While the country battles medical staff shortages, hundreds of nurses who completed their training with the promise of work are unemployed
When Jabulile Msimang* saw a post calling for aspiring nurses to register for a four-year training programme, followed by another four years of work to pay the bursary back, she thought that an opportunity had finally come to take her and her family out of poverty.
Instead, the 23-year-old from KwaZulu-Natal (KZN) is among about 200 newly qualified nurses who completed their community service at provincial state hospitals and clinics last year, who are now sitting at home despite their contracts stating that they would be employed by the provincial health department.
While the country faces severe nursing shortages, Msimang and her cohort are facing an uncertain future, and 216 other newly trained nurses who completed their community service in Gauteng hospitals are also jobless.
The SA Nursing Council’s latest statistics prove the need for trainees – there are 287 079 registered nurses in the country, but their average age has increased, with 29% aged between 50 and 59, and 27% aged between 40 and 49.
The Democratic Nursing Organisation of SA (Denosa) and the Young Nurses Indaba Trade Union (YNITU) say the problem extends beyond Gauteng and KZN to Free State and Limpopo, where hundreds of trained and qualified nurses sit idle.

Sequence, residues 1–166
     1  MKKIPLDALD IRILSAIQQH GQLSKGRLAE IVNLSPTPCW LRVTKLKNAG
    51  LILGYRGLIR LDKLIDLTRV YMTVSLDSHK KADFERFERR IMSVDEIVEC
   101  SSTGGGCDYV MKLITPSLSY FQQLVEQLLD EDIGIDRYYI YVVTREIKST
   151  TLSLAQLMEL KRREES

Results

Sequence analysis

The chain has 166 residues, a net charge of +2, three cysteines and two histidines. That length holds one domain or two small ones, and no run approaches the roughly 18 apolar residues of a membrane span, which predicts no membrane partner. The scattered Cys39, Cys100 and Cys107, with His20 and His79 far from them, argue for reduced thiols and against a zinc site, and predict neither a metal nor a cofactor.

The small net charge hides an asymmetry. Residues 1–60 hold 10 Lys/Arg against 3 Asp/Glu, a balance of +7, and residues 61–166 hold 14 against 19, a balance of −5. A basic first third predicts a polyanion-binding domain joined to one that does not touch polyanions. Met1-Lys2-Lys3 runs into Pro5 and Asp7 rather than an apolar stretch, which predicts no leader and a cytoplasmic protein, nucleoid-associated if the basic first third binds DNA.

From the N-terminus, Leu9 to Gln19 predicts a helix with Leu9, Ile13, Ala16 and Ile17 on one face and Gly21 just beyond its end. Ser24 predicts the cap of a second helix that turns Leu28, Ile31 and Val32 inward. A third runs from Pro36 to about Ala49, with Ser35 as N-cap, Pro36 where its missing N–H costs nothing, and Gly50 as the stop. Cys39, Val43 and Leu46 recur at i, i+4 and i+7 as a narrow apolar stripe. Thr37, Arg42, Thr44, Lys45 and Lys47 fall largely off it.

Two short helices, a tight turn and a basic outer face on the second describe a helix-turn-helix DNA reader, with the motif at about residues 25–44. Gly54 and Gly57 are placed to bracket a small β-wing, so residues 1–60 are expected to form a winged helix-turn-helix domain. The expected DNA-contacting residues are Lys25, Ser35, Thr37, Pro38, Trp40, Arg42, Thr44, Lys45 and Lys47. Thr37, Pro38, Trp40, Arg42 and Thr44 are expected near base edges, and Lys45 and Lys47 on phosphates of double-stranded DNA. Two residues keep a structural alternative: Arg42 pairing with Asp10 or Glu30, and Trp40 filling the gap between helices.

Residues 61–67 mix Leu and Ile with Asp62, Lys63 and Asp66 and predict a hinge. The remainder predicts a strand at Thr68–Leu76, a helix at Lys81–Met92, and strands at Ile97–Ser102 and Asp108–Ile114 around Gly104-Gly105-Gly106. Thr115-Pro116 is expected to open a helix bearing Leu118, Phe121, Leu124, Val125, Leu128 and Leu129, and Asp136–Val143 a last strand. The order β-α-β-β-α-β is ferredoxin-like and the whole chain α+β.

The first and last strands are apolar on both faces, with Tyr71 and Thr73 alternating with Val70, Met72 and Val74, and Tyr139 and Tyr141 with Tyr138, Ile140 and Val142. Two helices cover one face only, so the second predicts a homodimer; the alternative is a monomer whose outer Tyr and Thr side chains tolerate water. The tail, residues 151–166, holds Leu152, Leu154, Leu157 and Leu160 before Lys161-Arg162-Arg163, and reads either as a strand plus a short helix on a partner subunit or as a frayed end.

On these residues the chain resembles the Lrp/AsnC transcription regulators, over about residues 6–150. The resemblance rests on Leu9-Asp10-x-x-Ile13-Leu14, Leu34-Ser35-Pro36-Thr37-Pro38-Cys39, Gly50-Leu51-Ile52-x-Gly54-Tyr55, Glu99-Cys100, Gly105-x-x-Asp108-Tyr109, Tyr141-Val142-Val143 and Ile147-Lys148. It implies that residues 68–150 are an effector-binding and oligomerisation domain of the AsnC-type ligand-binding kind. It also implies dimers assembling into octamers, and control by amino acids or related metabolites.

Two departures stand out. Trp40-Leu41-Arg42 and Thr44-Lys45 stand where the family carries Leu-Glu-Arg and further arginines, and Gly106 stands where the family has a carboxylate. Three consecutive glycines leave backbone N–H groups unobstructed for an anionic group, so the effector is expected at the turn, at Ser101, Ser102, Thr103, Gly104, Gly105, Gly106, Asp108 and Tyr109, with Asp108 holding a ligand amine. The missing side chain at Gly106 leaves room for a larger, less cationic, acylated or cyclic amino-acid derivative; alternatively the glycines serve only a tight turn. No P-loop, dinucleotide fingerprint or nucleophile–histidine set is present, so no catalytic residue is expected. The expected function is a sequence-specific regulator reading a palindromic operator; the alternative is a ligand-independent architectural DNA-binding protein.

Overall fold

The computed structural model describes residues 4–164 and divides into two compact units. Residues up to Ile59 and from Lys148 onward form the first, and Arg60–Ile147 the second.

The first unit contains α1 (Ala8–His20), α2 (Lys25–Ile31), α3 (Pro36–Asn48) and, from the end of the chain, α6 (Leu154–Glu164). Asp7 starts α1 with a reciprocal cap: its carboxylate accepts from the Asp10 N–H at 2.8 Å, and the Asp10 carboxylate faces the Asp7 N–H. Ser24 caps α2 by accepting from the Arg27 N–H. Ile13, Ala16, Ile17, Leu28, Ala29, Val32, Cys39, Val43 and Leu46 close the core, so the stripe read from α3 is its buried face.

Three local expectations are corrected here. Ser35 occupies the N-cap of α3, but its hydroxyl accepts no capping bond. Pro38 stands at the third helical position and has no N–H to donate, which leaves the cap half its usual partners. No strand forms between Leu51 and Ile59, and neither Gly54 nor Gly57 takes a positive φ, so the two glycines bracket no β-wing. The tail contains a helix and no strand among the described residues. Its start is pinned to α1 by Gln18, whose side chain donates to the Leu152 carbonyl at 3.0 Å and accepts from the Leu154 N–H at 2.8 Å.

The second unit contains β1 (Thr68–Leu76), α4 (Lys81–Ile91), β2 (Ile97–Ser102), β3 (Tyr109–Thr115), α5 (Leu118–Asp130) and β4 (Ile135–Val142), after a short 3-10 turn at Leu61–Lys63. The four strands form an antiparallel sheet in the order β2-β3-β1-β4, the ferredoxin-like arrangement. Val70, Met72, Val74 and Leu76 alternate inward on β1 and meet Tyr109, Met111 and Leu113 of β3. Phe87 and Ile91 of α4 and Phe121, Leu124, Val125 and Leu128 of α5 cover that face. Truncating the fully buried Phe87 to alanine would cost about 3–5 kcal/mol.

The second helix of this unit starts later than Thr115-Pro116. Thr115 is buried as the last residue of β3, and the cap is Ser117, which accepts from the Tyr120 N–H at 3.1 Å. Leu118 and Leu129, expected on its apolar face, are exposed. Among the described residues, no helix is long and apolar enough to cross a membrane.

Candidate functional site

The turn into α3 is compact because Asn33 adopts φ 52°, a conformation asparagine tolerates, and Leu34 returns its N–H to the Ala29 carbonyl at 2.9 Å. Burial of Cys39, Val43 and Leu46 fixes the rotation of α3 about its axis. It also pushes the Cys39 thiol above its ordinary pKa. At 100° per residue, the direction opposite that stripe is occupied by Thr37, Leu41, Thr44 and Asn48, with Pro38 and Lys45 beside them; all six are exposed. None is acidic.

“We waited for a list to come out last month to announce the placements, but we didn’t get it. On January 2, we called the main campus where we were trained and were told to wait at home as there were no posts for us. We can’t even look for jobs in the private sector because we don’t have our certificates yet and were told that our certificates were only coming out in July from the head office in Pretoria,” said Msimang.
Last month, the national health department announced a massive drive to fill more than 15 000 professional posts, including 9 797 newly qualified practitioners into community service and internship posts, and 5 300 clinical and support health workers.
Msimang’s contract with the provincial health department states that she is obliged to work for the department for the same number of years it paid for her to study.
The KZN health department conceded that none of the nurses who completed their community service had yet been employed, saying it was in the “process of identifying vacant and funded posts”.
KZN health department spokesperson Ncumisa Mafunda said: “[Added to the number of] these service obligation nurses are nurses who still need to be regraded, after completing a bridging course, from staff nurse to professional nurse. For this group too, there is still a process that is under way to find vacant and funded posts. The department is thus looking to identify solutions for both these groups.”
Commenting on the unemployed cohort of nurses in Gauteng, DA shadow health MEC Jack Bloom said it costs more than R500 000 to train a professional nurse for four years: “It makes no sense to spend huge amounts of money on training nurses and not employing them, even though there is a large shortage of nurses in public hospitals.”